Government Will Outlaw Advertisements Showing Gender Stereotypes

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Rob Shimshock Education Reporter
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The UK government announced Tuesday it will outlaw advertisements that feature gender stereotypes after it received complaints on ads portraying housewives cleaning and children playing with gendered toys.

The Advertising Standards Authority (ASA) said ads reinforcing gender roles or making fun of those who do not uphold them have “costs for individuals, the economy and society,” according to the BBC, which detailed ads previously found problematic by viewers. The ASA performs a regulatory function similar to that of the Federal Trade Commission.

“Portrayals which reinforce outdated and stereotypical views on gender roles in society can play their part in driving unfair outcomes for people,” said Guy Parker, the ASA’s chief executive, to the BBC. “While advertising is only one of many factors that contribute to unequal gender outcomes, tougher advertising standards can play an important role in tackling inequalities and improving outcomes for individuals, the economy and society as a whole.”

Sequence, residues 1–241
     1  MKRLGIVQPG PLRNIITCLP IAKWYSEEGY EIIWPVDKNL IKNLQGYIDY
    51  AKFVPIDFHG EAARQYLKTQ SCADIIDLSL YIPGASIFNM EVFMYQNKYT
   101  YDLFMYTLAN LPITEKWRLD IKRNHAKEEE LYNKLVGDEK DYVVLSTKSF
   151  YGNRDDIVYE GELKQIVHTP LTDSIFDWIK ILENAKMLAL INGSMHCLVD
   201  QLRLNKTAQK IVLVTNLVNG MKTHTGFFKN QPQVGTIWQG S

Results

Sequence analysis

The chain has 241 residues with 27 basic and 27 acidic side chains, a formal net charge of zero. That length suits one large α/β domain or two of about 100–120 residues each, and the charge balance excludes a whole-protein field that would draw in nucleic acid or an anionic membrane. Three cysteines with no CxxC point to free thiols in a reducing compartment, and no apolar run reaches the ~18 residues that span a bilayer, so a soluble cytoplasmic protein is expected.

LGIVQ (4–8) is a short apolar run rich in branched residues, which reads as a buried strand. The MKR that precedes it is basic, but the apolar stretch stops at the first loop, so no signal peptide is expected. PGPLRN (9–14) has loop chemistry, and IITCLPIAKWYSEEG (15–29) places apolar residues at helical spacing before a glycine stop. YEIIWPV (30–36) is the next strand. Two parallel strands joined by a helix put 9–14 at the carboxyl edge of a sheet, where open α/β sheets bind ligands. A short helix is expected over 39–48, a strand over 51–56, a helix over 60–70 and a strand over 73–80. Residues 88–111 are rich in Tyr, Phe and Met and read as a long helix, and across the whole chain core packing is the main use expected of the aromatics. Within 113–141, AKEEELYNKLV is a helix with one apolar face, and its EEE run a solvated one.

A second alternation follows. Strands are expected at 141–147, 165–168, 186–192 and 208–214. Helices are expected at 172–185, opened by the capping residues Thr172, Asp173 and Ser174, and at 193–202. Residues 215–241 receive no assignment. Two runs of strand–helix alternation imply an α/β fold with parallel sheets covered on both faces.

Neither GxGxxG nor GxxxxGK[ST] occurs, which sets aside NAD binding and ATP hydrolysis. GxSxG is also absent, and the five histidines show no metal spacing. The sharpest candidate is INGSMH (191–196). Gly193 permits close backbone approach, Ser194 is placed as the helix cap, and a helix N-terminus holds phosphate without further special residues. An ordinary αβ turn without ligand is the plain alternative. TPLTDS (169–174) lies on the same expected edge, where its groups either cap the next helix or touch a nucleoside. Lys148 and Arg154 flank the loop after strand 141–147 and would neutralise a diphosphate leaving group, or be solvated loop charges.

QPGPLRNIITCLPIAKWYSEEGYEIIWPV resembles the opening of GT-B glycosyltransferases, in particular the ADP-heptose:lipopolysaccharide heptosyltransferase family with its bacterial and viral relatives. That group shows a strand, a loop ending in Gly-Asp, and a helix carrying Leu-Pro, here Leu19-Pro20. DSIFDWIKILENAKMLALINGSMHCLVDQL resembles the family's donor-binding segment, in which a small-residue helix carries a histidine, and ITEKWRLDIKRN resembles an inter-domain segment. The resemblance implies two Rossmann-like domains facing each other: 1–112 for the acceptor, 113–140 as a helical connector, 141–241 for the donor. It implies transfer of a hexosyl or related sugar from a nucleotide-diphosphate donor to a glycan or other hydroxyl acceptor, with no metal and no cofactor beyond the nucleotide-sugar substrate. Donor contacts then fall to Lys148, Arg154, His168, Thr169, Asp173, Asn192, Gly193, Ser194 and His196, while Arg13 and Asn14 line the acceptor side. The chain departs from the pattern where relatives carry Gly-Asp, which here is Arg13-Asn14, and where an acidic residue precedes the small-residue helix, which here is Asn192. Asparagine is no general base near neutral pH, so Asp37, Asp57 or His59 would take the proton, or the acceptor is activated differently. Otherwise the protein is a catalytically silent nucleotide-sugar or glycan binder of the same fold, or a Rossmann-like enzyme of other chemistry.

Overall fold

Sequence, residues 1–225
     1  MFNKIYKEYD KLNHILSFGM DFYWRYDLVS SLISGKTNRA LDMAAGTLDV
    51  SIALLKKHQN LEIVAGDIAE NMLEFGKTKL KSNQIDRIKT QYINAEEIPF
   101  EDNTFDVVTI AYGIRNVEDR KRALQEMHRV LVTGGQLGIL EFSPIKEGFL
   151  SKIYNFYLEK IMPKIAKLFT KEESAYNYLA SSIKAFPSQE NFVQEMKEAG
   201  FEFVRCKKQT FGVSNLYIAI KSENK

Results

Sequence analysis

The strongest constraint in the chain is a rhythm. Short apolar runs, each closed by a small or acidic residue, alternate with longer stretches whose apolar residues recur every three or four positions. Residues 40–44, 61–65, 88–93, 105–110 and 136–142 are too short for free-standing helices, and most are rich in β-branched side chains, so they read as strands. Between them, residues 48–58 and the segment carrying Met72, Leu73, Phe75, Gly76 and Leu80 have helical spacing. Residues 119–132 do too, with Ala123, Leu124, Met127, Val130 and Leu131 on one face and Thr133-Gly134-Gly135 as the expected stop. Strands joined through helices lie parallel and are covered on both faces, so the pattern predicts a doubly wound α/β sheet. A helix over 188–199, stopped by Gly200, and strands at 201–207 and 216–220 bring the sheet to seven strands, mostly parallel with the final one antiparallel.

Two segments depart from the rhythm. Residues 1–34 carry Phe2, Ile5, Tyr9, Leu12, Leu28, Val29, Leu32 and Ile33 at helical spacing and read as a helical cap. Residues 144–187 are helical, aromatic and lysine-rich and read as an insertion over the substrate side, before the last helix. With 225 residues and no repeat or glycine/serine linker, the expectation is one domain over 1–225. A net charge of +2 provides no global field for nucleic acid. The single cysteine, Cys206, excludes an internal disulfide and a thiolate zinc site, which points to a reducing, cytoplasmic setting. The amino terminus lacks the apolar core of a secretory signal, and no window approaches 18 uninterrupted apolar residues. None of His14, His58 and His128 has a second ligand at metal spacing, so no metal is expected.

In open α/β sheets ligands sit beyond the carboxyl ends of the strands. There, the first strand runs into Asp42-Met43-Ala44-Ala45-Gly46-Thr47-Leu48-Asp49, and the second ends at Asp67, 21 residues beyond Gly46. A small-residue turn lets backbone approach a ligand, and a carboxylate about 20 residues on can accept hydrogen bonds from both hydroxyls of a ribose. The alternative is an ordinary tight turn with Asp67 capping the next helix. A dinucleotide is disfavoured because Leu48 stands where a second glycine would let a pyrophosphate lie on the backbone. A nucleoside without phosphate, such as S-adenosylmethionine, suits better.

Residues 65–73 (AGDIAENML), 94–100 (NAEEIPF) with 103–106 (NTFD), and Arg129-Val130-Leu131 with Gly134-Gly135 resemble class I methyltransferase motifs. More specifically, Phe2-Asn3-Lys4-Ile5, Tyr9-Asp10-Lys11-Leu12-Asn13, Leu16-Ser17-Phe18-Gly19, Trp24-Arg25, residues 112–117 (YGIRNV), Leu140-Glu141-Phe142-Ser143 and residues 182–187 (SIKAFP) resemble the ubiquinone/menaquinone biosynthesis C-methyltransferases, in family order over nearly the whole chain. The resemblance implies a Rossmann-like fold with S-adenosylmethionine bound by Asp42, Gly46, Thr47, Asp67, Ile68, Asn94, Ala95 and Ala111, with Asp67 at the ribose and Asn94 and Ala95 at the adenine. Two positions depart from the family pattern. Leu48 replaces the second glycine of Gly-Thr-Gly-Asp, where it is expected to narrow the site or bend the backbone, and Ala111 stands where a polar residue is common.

An advertisement depicting two male babies growing up to be mountain climbers and engineers while a female baby became a ballerina received public criticism for containing gender stereotypes, but the ASA told BBC that it would not launch a “formal investigation” into the ad. Similarly, the ASA acknowledged it received complaints concerning a KFC ad in which a man with anxiety is mocked, but chose not to take action.

A 2015 “beach body ready” ad from Protein World sparked the agency’s review. (RELATED: Feminists Start Campaign Against ‘Beach Body’ Advertisements)

The ASA plans to institute new rules in 2018.

The Daily Caller News Foundation reached out to the ASA, but received no comment in time for press.

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